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Republicans: Workers and Retirees Deserve Answers About White House Role in Pension Deal Making
Letter to Treasury Secretary Geithner Seeks to Hold Administration to Promises of Accountability and Transparency

Following a hearing last week in the Health, Employment, Labor, and Pensions Subcommittee on the bankruptcy of the Delphi Corporation, Reps. John Kline (R-MN), Tom Price (R-GA), Chris Lee (R-NY), and Michael Turner (R-OH) sent a letter to Treasury Secretary Tim Geithner requesting information on the Administration’s involvement in the bankruptcy proceedings. To date, inquiries about what role the White House’s Auto Task Force played in negotiating the bankruptcy – which included major losses in pension benefits for a significant portion of the Delphi workforce – have not been answered.


During the hearing, testimony confirmed that certain salaried employees of the Delphi Corporation are being denied full payment of their promised retirement benefits, while other portions of the workforce were protected and are continuing to receive full benefits. Republicans on the committee raised questions about the White House’s role in determining which employees would receive a lower pension payout. The letter to Secretary Geithner highlights the immediate need for greater transparency and clarification on the Administration’s part in the Delphi bankruptcy as well as its continued involvement in the American auto industry:

“It is beyond dispute that the federal government – now a 60 percent owner of General Motors – played a significant role in shaping these outcomes and in brokering negotiations among key interests.  In the exercise of its oversight authority, the Subcommittee needs to fully understand exactly what that role was, and by whom key decisions were made.”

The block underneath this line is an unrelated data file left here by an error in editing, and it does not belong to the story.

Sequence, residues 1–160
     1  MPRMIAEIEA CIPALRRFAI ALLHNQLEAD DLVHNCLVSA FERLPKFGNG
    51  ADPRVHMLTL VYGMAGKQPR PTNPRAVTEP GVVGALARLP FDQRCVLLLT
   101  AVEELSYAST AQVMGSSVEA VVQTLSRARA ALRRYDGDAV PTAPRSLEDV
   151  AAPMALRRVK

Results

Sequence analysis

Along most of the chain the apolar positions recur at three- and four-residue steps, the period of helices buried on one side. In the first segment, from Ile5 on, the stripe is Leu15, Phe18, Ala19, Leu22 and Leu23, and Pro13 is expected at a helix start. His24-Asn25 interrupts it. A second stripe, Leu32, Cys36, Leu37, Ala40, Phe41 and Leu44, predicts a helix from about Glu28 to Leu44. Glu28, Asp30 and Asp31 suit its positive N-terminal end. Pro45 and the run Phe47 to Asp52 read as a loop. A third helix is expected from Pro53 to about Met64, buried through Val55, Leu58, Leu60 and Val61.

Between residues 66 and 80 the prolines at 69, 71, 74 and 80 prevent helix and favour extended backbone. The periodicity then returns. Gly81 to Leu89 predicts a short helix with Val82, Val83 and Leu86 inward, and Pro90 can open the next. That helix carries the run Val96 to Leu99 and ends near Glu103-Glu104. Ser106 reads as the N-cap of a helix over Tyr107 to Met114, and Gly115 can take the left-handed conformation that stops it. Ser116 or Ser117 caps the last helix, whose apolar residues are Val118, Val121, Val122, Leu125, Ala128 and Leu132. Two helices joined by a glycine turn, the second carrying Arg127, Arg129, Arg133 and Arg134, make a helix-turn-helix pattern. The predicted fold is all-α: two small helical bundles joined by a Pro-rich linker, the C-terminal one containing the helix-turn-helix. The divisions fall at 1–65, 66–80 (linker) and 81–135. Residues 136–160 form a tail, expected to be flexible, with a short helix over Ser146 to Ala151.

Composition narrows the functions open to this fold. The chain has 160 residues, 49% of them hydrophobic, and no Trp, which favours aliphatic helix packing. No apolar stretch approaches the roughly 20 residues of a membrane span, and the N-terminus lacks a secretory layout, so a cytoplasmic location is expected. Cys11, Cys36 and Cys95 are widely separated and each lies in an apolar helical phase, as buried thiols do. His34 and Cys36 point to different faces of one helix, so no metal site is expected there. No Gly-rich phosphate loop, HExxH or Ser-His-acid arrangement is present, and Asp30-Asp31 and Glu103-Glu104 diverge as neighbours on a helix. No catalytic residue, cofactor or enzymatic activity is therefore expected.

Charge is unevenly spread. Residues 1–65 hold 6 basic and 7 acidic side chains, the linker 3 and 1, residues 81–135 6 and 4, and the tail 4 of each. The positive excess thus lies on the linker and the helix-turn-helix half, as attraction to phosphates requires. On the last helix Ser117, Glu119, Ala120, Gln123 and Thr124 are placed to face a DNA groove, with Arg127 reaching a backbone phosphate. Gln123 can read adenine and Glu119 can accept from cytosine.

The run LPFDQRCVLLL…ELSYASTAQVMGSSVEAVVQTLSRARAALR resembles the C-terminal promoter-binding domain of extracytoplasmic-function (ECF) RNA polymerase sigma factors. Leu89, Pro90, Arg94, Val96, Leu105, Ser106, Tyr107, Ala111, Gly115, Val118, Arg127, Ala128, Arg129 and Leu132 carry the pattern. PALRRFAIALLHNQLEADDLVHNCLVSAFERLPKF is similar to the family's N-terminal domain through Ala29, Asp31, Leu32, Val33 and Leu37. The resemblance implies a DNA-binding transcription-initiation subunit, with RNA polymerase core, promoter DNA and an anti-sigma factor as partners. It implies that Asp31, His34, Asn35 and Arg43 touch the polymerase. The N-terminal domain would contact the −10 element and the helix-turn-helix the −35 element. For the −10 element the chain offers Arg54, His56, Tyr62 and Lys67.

"The hard working folks who had their retirement security up-ended by this administration deserve some straight answers,” said Rep. Price. “It’s bad enough that it appears the federal government was picking winners and losers, but it is completely unacceptable that there has been no accountability or transparency in how the Administration’s actions impacted these people’s lives. The fact that the Administration has thus far refused to answer even the most basic questions surrounding its involvement does not inspire confidence that it was dealing in good faith on behalf of those workers whose pensions were found to be expendable. This case won’t be closed until we get some true openness from the Treasury Secretary, car czar, and all those involved in this unfortunate episode."

This request for information comes on the heels of previous efforts by Republicans on the Education and Labor Committee to secure answers from the Administration – including an attempt to have Ron Bloom, head of the White House Auto Task Force, testify before the HELP Subcommittee. 

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